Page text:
44. She followed dinner with a brandy
      He followed his lecture with a question and answer period

    Definition of follow by GCIDE Dictionary


    1. Follow v. t. [imp. & p. p. Followed ; p. pr. & vb. n. Following.][OE. foluwen, folwen, folgen, AS. folgian, fylgean, fylgan; akin to D. volgen, OHG. folgēn, G. folgen, Icel. fylgja, Sw. följa, Dan. fölge, and perh. to E. folk.]
      1. To go or come after; to move behind in the same path or direction; hence, to go with ( a leader, guide, etc. ); to accompany; to attend.

      It waves me forth again; I'll follow it. Shak.

      2. To endeavor to overtake; to go in pursuit of; to chase; to pursue; to prosecute.

      I will harden the hearts of the Egyptians, and they shall follow them. Ex. xiv. 17.

      3. To accept as authority; to adopt the opinions of; to obey; to yield to; to take as a rule of action; as, “to follow good advice”.

      Approve the best, and follow what I approve. Milton.

      Follow peace with all men. Heb. xii. 14.

      It is most agreeable to some men to follow their reason; and to others to follow their appetites. J. Edwards.

      4. To copy after; to take as an example.

      We had rather follow the perfections of them whom we like not, than in defects resemble them whom we love. Hooker.

      5. To succeed in order of time, rank, or office.

      6. To result from, as an effect from a cause, or an inference from a premise.

      7. To watch, as a receding object; to keep the eyes fixed upon while in motion; to keep the mind upon while in progress, as a speech, musical performance, etc.; also, to keep up with; to understand the meaning, connection, or force of, as of a course of thought or argument.

      He followed with his eyes the flitting shade. Dryden.

      8. To walk in, as a road or course; to attend upon closely, as a profession or calling.

      O, had I but followed the arts! Shak.

      O Antony! I have followed thee to this. Shak.

      Follow board ( Founding ), a board on which the pattern and the flask lie while the sand is rammed into the flask. Knight. -- To follow the hounds, to hunt with dogs. -- To follow suit ( Card Playing ), to play a card of the same suit as the leading card; hence, colloquially, to follow an example set. -- To follow up, to pursue indefatigably.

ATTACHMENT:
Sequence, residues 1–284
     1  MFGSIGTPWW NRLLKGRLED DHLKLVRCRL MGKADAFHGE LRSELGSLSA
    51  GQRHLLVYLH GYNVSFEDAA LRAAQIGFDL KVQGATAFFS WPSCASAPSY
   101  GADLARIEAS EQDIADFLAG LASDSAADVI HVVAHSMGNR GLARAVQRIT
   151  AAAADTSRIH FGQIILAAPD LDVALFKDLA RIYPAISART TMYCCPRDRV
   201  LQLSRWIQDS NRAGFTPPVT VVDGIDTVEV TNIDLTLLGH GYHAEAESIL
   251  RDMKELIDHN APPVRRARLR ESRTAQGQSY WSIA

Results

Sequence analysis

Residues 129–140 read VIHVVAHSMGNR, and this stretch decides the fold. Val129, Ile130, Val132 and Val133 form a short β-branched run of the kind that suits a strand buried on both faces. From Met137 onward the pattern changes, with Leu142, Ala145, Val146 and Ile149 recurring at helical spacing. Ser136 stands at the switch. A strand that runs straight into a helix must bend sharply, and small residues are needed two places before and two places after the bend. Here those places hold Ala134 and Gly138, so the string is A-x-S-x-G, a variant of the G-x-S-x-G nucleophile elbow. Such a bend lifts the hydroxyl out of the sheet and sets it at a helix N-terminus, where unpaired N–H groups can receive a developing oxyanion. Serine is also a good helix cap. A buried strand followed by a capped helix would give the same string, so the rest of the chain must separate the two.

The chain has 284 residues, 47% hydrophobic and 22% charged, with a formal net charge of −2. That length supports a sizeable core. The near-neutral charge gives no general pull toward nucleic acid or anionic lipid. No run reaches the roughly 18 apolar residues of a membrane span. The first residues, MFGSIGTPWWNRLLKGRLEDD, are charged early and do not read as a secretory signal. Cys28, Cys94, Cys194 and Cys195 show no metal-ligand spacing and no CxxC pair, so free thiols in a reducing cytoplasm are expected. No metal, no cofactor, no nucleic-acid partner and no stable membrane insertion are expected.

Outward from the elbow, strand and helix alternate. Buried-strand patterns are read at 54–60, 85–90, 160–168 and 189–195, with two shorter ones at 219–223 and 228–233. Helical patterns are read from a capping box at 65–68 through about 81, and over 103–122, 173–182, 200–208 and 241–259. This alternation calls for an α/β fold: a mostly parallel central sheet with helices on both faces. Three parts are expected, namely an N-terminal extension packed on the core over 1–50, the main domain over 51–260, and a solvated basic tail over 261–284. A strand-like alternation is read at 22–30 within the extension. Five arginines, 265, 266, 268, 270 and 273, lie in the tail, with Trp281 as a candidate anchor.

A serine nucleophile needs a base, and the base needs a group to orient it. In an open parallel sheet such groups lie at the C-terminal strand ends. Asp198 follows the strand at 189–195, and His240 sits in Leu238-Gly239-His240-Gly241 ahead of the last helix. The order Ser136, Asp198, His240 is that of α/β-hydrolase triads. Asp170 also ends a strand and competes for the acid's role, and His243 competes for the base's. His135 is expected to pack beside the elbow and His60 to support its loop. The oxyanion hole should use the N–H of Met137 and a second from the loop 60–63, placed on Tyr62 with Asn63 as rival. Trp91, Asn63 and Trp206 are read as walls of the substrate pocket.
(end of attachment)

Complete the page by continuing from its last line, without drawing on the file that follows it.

Syn.- To pursue; chase; go after; attend; accompany; succeed; imitate; copy; embrace; maintain. - To Follow, Pursue. To follow ( v.t. ) denotes simply to go after; to pursue denotes to follow with earnestness, and with a view to attain some definite object; as, “a hound pursues the deer”. So a person follows a companion whom he wishes to overtake on a journey; the officers of justice pursue a felon who has escaped from prison.

    2. Follow, v. i. To go or come after; -- used in the various senses of the transitive verb: To pursue; to attend; to accompany; to be a result; to imitate.

      Syn. -- To Follow, Succeed, Ensue. To follow ( v.i. ) means simply to come after; as, “a crowd followed”. To succeed means to come after in some regular series or succession; as, “day succeeds to day, and night to night”. To ensue means to follow by some established connection or principle of sequence. As wave follows wave, revolution succeeds to revolution; and nothing ensues but accumulated wretchedness.

    3. Follow n. The art or process of following; specif., in some games, as billiards, a stroke causing a ball to follow another ball after hitting it. Also used adjectively; as, “follow shot”.